The last person in the world sat in his room.
There was a knock on the door.
I was planning on writing another “Old Hollywood” story, but life has interfered. My daughter has Trochleitis. She is in constant eye pain and now is blind in one eye with cataracts in the other, so that renders her unable to read or to find her way outside of the house and garden. The doctors say it is a rare case and have no treatment outside of steroids to try to manage the pain, and that is ineffective. Her whole way of life has changed. She listens to audiobooks and “hears” television while I try to describe some of the action. At this point, after several months, I am disenchanted with the medical profession. I believe that dancers with chicken feathers around their ankles would be more effective.
If anyone out there has had any experience with Trochleitis, please let me know other areas to explore. Mothers are supposed to be healers. Well, this mother is a dismal failure. I can do nothing except try to make her life easier in any way. Help!
It is around Christmastime in the 1960s, and Eddie and Margo Albert are having a party for Harry and Julie Belafonte after one of his shows at the Greek Theater. It’s a typical Albert party with old friends dating back many years and newer ones. Among the guests are Rita Hayworth and her daughter, Princess Yasmin, the Vincent Prices, Rupert Allan(head of one of the most prestigious public relations firms in the industry), Frank McCarthy, stage and movie producer (latest film then, “Patton”),Edward Albert, Jr., and many more. Julie Belafonte is here, and we’re expecting Harry to appear after his performance. There is a lot of music. Frank and I are playing bongo drums. Later, Julie and I bang our spoons on glasses to keep time to the guitar rhythms. Eddie and Margo play and sing. Margo dances. Rita Hayworth sings to the guitar. Everyone is basking in the warmth and pleasure of the evening. Time comes and goes when we expect Harry to appear. Julie starts to worry. We call the theater. He left, they tell us. It has been a long time. Where is he?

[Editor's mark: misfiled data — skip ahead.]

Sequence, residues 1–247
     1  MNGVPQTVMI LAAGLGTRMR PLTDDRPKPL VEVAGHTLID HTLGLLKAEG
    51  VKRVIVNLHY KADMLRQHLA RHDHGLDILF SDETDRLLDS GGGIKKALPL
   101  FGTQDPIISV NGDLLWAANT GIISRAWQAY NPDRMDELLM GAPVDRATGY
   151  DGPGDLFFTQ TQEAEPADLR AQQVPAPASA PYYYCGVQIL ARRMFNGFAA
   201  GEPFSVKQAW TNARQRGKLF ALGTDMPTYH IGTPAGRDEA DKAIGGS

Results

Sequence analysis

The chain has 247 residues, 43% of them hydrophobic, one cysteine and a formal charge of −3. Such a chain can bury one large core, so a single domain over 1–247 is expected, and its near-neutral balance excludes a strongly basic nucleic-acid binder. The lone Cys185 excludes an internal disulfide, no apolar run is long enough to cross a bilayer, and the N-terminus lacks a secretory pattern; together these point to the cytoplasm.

A little after 1 a.m. people start leaving. Rupert and Frank take Rita home. Edward drives Princess Yasmin. Eddie and Margo drive Julie. The only people left at the house are Maria Albert, then a teenager, and me. We’re sitting in the living room talking when the phone rings in the library where I answer it. “Hi, this is Harry…..is Julie there?” I explain to him that the Alberts are driving her home. “How do I get to the house?” he asks. “I have something to drop off, and I think I overshot the mark. I’m by the Palisades market.” I give him directions, and then Maria and I go outside into the street with flashlights to guide his way. Pretty soon, up drives Harry Belafonte. He takes out a present from the car and then walks into the house with us. As soon as we’re inside, he says, “Can I get a drink? I’ve had quite an experience.” Soon, we’re settled, drinks in hand, in the living room, and he tells us what happened. “I still can’t believe it,”he says. He had finished the show, changed his clothes, and then headed out for Pacific Palisades. It was going to be awhile before he reached us. Driving through the white bread neighborhood, a black man late at night, he was stopped by a police car and asked for identification. It was then he discovered that he had forgotten to switch his wallet when he changed clothes. No ID. No license. The police ushered him to the station, not believing him when he said who he was. They were about to detain him for the evening when a detective on duty recognized him and sent him on his way. Looking back, I wonder why they just didn’t have him sing a chorus of “Day O” or “Waltzing Matilda.” That would have convinced them. He called Julie to let her know he was all right, and was on his way back to Beverly Hills, driving very, very carefully.